When we experience a confirmation bias, we not only see confirming information, but we also ignore anything that is inconsistent with the idea. So what information are we ignoring when we confirm the idea that we’ve had Covid-19 already? We ignore all the symptoms that we didn’t experience. I may have had some of those symptoms, but definitely not all. When we consider the symptoms, we also ignore other simpler explanations. In this case, it probably was a cold, or maybe the flu. For me, I have been suffering from my normal spring allergies for the last two months. And that means not only the runny nose but also asthma. So my symptoms are very consistent with other, simpler explanations. But I can ignore those explanations. And instead, I focus on my preferred answer.
We also ignore the disconfirming information about exposure. Yes, the virus was spreading in my community and probably on my campus. But at the time, it had not spread very widely. Our family went into isolation early. We have had limited contact and exposure over the last two months. Even now, with relatively effective social isolation in my community, the virus has had limited spread.
We also ignore important data about the spread of the virus. Whenever I wonder if I had Covid-19, I remind myself of how few people have had the disease so far. The numbers remain low in my community. And medical researchers are just starting to track how many people have been exposed. They do this by conducting serology tests, or antibody tests. These show if someone has the antibodies for the coronavirus, indicating they’ve had it and are now potentially immune.
From the few studies that have been conducted, we know that very few people overall have had the virus, at least based on antibody testing (see stories from the Washington Post and Science). In most studies so far, less than 5% of the population shows evidence of having been exposed in places where the virus has been actively spreading. In New York City, a survey for antibodies showed that around 20% of people had been exposed. So even in the biggest hotspot in the United States, most people (80%) have not been exposed. Based on the numbers, I haven’t had Covid-19. And you probably haven’t either.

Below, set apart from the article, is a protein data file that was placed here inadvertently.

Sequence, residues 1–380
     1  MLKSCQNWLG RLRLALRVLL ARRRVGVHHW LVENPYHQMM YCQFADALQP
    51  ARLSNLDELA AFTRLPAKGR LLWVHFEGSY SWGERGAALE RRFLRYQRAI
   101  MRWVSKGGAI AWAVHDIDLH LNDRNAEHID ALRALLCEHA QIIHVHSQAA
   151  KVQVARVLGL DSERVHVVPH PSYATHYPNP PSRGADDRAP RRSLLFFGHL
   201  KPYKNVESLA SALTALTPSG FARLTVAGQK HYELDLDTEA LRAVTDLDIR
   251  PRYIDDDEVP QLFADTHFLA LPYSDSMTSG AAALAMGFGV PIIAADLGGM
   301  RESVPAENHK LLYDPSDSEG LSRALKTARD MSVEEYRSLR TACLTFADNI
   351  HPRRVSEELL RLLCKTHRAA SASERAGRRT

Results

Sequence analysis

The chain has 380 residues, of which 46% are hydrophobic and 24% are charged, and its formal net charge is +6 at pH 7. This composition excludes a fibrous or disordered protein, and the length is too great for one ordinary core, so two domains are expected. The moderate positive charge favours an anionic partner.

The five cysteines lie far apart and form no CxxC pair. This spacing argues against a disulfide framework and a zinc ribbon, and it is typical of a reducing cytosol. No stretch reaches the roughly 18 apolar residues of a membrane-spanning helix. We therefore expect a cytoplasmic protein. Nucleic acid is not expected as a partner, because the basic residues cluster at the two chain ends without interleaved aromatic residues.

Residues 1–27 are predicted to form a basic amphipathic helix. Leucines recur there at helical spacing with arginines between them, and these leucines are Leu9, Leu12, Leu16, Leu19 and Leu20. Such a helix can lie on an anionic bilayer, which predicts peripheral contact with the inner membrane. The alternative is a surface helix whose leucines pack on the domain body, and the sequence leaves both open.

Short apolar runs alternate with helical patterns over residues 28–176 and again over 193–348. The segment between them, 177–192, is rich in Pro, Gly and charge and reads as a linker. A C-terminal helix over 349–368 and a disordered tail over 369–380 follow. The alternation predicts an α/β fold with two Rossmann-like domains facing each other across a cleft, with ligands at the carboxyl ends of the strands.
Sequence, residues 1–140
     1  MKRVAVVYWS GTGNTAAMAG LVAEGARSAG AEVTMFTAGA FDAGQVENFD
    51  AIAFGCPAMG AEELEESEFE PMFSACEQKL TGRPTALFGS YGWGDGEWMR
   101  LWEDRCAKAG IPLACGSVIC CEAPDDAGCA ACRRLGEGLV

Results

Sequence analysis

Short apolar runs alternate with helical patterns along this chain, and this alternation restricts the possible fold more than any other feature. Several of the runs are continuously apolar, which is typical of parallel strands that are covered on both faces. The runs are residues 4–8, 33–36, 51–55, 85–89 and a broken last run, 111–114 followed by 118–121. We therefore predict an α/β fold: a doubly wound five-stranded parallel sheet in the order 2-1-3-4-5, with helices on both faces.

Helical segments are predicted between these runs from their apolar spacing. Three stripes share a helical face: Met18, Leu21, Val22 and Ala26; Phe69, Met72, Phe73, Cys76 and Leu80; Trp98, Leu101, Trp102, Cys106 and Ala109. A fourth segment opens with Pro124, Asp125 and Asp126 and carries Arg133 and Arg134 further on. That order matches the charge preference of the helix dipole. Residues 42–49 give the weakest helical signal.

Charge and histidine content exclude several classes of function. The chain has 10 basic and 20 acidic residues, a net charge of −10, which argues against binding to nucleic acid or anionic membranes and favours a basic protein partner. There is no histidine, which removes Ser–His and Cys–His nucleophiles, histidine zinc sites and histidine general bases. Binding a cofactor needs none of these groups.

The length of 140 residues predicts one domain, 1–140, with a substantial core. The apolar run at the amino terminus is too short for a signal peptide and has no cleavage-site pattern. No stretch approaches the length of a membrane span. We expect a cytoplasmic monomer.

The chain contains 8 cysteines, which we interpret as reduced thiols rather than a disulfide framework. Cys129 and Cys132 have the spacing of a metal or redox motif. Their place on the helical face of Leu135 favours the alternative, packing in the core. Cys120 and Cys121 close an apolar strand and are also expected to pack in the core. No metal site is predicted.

But the effect of a confirmation bias is that we can ignore this disconfirming data. We ignore all the information that says it was just a cold and we are unlikely to have been exposed. Instead, we focus on all the details that are consistent with our beliefs. We search for confirmation. And we often see and remember the confirming information. All of us can become victims of the confirmation bias.
Note: This was written for people wondering about a past sickness. If you are currently experiencing symptoms noted by the CDC, that is very different. You should check with your doctor or community health center. If you have been exposed to the coronavirus, then you should follow CDC recommendations for isolation while waiting to get a test.